Qatar said on Monday it has filed three lawsuits in London and New York against two Saudi and UAE banks, and the Luxembourg-based Banque Havilland for allegedly plotting to undermine its currency and bonds.
In June 2017, the UAE, Saudi Arabia, Bahrain and Egypt imposed an illegal blockade on Qatar and took a number of actions designed to damage Qatar, its economy, and its residents.
The cases name Luxembourg-based Banque Havilland, the UAE's First Abu Dhabi Bank (FAB) and Saudi Arabia's Samba Bank, according to filings seen by Reuters and a statement from Qatar's government communications office (GCO). It also names as a defendant an individual at Banque Havilland, Vladimir Bolelyy, who was responsible for preparing the plan to attack Qatar's financial markets.
In the case, Qatar alleges Banque Havilland devised a plan to weaken the country's riyal currency on key composite indices by submitting thousands of "fictitious and depreciated" quotes, according to the court filings.
"But the quotes were phoney, as FAB, Samba Bank, and others repeatedly refused to transact with counter-parties at the prices they were quoting in public," the filings stated.
As a result of the defendants' manipulative conduct, Qatar and many investors suffered harm in New York, the statement added.
The lawsuits were filed based on an investigation launched by Doha into market manipulation, according to the statement, which said that further legal action may be taken as the probe was continuing.
"This financial market manipulation violated all norms of accepted conduct and will not be allowed to go unchecked. While the financial market manipulation failed in its efforts to undermine confidence in the Qatari Riyal and Qatar, it nonetheless caused economic losses and Qatar is compelled to take the actions necessary to call to account the financial institutions that engaged in illegal market manipulation," the statement said.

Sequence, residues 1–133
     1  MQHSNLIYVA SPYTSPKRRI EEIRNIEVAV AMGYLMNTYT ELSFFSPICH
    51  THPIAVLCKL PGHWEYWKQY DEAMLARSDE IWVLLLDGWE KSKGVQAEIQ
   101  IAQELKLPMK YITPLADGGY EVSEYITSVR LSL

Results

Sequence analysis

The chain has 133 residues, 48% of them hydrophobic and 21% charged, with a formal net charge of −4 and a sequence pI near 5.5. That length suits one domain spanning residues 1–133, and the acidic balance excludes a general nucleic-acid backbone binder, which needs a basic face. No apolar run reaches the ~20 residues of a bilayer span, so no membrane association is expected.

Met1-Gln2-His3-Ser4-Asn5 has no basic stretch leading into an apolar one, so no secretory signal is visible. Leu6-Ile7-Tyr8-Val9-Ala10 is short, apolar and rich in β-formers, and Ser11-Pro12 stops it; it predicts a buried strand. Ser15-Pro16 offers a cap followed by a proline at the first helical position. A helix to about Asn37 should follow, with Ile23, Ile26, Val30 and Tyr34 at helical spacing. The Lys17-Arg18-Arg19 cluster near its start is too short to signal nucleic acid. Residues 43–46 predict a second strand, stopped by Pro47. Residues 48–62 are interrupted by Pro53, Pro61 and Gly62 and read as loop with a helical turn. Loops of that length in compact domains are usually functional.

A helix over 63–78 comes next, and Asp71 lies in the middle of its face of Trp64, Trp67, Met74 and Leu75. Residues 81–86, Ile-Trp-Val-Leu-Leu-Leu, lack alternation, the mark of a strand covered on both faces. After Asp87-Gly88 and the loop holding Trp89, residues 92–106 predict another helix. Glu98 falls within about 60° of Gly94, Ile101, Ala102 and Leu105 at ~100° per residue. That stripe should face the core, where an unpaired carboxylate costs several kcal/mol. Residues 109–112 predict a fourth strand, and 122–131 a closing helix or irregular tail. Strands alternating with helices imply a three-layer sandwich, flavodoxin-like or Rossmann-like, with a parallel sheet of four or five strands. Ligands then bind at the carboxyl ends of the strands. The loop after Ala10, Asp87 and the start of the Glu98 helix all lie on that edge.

Qatar's central bank began a probe into the alleged manipulation in late 2017 after it said unidentified banks were looking to attack the riyal by trading it between themselves offshore at artificially weak levels - to create an illusion Qatar's economy was crumbling.
"Qatar seeks to hold FAB, Samba Bank, and the unknown John Doe defendants who conspired with them liable for damages that they have caused to Qatar, plus punitive damages and statutory interest," the filings stated.
They added elsewhere that Qatar also sought to hold Banque Havilland similarly responsible.
Qatar has already taken legal action against the four countries before the International Court of Justice, International Civil Aviation Organisation and World Trade Organisation.
In July 2018, the International Court of Justice issued a ruling indicating provisional measures in favour of Qataris, who have been discriminated by UAE cohesive measures, it noted.
First Abu Dhabi Bank declined to comment, while Banque Havilland and Samba Bank did not immediately respond to requests for comment.
First Abu Dhabi Bank is the largest lender in the United Arab Emirates while Samba is one of the leading banks in Saudi Arabia.
With more than $300bn in central bank reserves and sovereign wealth fund assets, bankers say Qatar has sufficient financial firepower to block attacks on its currency.
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